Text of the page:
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During your lunch break, why not feed your soul as well as your body?

Take some time out of a busy workday to study a bit of Torah over a kosher lunch.

Every Wednesday, over a delicious Mediterranean lunch, we take one hour to explore relevant Jewish topics using ancient wisdom to guide us in a modern society. The weekly lunch at JCC-Chabad, conveniently located, is guaranteed to be a peaceful break in the midst of a fast-paced work day.

Every Wednesday
12:00 - 1:00 PM
at Chabad of Downtown LA

Upcoming Classes:

 Wednesday February 20, 2019 Ki Tisa 
Broken Tablets, Broken Souls
The simple reading of the story goes like this: After the Jews created a Golden Calf, Moses smashed the stone tablets created by G‑d, engraved with the Ten Commandments. Moses and G‑d then "debated" the appropriate response to this transgression and it was decided that if the people would truly repent, G‑d would give them a second chance. Moses hewed a second set of stone tablets; G‑d engraved them also with the Ten Commandments, and Moses gave them to the Jewish people. Yet a few major questions come to mind. 1. Moses, outraged by the sight of a golden calf erected by the Hebrews as a deity, smashed the stone tablets. He apparently felt that the Jews were undeserving of them, and that it would be inappropriate to give them this Divine gift. But why did Moses have to break and shatter the heavenly tablets? Moses could have hidden them or returned them to their heavenly maker? 2. The rabbis teach us that "The whole tablets and the broken tablets nestled inside the Ark of the Covenant." The Jews proceeded to gather the broken fragments of the first set of tablets and had them stored in the Ark, in the Tabernacle, together with the second whole tablets. Both sets of tablets were later taken into the Land of Israel and kept side by side in the Ark, situated in the Holy of Holies in the Temple in Jerusalem.

Wednesday February 27, 2019 Vayakhel 
Life as a Mirror
One of the most integral items in the Tabernacle was the Washstand, the Kiyor, from which the Kohanim would wash their hands and feet each morning. This was the necessary preparation for each day’s service, and was called ‘the sanctification of the Kohanim’ meaning it made those already holy yet holier. But what was the Kiyor itself made of? Not gold and not silver, but rather women’s mirrors. Mirrors used by women to adorn and decorate themselves. The Midrash tells us that women came in droves to donate their mirrors, but Moses refused to accept them. His argument was simple: How can it be that an item whose entire purpose is vain and selfish, superficial and materialistic, be accepted for use in the House of G‑d? A place where one came to be inspired to sacrifice and serve? Mirrors and G‑d are mutually exclusive! But G‑d disagreed. Emphatically. He told Moses: “It is precisely these mirrors that are more precious to me than anything else.” Why?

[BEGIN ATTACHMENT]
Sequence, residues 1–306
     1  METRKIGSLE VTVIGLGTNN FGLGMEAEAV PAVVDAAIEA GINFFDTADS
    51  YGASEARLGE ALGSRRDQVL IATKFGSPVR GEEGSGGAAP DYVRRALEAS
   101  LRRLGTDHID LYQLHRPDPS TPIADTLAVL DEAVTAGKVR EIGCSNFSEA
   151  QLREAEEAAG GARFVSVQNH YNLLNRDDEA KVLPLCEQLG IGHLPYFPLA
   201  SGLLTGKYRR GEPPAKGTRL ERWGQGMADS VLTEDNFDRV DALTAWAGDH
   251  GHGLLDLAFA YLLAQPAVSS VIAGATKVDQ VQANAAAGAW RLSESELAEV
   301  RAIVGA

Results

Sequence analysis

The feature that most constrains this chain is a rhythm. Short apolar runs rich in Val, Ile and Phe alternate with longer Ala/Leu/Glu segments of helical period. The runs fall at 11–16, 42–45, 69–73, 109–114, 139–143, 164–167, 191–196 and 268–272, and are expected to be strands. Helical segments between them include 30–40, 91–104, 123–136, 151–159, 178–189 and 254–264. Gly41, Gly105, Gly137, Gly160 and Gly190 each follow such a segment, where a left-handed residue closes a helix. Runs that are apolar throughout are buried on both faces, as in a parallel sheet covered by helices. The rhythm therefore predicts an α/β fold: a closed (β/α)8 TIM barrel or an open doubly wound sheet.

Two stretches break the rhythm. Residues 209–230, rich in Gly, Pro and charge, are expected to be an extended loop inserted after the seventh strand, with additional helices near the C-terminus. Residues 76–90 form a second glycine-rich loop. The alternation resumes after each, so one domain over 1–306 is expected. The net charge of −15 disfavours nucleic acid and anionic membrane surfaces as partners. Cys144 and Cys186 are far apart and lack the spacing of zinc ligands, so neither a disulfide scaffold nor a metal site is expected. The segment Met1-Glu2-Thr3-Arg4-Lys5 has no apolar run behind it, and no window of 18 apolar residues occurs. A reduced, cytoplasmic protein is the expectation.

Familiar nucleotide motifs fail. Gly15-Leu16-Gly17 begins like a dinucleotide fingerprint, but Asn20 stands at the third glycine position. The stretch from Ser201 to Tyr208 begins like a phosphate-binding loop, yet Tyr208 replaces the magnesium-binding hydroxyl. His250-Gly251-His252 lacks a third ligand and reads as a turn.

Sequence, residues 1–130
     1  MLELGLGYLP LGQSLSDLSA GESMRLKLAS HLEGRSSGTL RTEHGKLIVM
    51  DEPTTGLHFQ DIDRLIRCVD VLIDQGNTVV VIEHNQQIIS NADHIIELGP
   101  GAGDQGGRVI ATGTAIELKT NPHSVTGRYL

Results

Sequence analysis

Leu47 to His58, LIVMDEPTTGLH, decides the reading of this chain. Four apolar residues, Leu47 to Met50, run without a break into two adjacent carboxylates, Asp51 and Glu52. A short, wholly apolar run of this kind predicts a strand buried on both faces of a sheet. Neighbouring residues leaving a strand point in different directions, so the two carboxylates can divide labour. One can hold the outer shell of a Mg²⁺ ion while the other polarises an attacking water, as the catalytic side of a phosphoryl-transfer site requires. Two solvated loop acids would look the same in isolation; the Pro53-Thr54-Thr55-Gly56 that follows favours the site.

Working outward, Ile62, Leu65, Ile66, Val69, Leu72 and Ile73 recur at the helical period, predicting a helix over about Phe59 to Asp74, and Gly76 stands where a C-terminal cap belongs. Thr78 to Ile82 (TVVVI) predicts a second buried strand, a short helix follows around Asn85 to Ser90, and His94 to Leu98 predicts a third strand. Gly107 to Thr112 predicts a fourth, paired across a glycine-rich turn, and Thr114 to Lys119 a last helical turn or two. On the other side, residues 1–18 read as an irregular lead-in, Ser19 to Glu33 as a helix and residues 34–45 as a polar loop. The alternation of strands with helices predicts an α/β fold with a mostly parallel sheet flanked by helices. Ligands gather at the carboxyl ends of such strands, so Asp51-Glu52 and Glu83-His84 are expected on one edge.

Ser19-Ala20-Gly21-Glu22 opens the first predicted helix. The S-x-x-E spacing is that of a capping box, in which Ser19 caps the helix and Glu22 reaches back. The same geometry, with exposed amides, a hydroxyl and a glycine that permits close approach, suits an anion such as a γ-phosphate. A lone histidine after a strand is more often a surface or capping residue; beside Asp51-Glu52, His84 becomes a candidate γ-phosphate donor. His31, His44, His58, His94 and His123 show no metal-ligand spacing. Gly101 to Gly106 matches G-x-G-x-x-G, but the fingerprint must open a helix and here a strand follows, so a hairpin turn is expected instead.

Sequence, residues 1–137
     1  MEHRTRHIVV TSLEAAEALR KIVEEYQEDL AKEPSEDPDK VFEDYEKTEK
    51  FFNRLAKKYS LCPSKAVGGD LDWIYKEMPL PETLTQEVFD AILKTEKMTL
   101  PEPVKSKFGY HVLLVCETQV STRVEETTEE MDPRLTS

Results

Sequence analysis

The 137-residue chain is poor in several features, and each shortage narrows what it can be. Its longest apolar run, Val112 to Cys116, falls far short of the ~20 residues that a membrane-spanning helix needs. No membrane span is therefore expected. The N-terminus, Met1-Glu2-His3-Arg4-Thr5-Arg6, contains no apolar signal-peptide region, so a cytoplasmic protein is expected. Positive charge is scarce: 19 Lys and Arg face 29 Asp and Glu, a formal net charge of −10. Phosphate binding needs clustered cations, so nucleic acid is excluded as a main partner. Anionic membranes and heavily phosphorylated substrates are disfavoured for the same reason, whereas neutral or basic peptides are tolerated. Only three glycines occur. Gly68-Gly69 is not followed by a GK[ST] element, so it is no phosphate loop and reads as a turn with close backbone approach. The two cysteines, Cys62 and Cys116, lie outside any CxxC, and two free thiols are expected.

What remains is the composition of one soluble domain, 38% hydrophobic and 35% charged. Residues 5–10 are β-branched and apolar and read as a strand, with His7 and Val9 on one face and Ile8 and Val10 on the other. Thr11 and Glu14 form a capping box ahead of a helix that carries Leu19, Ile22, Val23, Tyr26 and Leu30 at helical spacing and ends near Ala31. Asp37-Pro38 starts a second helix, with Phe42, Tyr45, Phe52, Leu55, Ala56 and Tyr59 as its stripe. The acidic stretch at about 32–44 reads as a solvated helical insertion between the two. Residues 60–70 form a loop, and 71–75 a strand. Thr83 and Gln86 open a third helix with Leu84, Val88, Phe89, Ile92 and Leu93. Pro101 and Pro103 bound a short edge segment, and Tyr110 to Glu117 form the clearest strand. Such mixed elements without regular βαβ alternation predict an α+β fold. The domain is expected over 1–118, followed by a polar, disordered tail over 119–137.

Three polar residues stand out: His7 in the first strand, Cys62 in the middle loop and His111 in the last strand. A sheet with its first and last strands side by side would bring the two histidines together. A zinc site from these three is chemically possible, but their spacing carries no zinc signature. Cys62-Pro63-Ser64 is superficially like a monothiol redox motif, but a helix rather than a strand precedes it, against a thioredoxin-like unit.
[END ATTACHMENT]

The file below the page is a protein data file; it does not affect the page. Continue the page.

Wednesday March 6, 2019 Pekudei 
zAn overview of historic holiness—more than 13 centuries of sacred architecture. A stunning snapshot of the different sacred sanctuaries that served as the epicenter of Jewish spiritual life from Moses to Rabbi Akiva. Discover why the locations shifted in the past, but will never again. Learn how they moved, and why some were destroyed, while others simply faded away.

 Wednesday March 13, 2019 Vayikra 
"Please Pass The Salt"
The timelessness of Torah throughout the ages is largely due to its eternal relevance to any man, in any culture, during any historical context. The Torah speaks to the young child learning how to read; to the teenager struggling with existential questions; to the rational philosopher who feels compelled to satisfy the logic of his mind; and to the spiritual mystic seeking transcendence from the bonds of corporeality. The Torah was the ultimate authority on life for the Judean of Biblical times, the Babylonian of the Talmudic era, the philosopher of Medieval Spain, the Eastern European of pre-war Europe, and today as much as ever, for the Modern Western Man. These dimensions are not a merely matter of interpretation, an artistic license granted to the random student, but rather inherent and true in the Torah itself. Stemming from an infinite source, the Torah contains infinite layers. In this class, we will take a specific Mitzvah — the commandment to apply salt on all sacrifices — and journey through five levels of interpretation, corresponding to five levels of consciousness, and demonstrate the underlying unity binding seemingly paradoxical approaches. 

 Wednesday March 20, 2019
Fast of Taanis Ester- No Class

 Wednesday March 27, 2019 Shemini
A Murder on Purim?!
In one of the most bizarre Talmudic stories (Megilah 7b), two of the greatest Talmudic sages feast on Purim together. They are inebriated and one of them slaughters his friend. The next day he brings him back to life. The following year he invites his colleague for another Purim meal. This fascinating class, based on an address of the Lubavitcher Rebbe, re-invents the meaning of the story, and applies it to our daily struggle to link heaven and earth.

Wednesday April 3, 2019 Tazria 
Why do we love to gossip?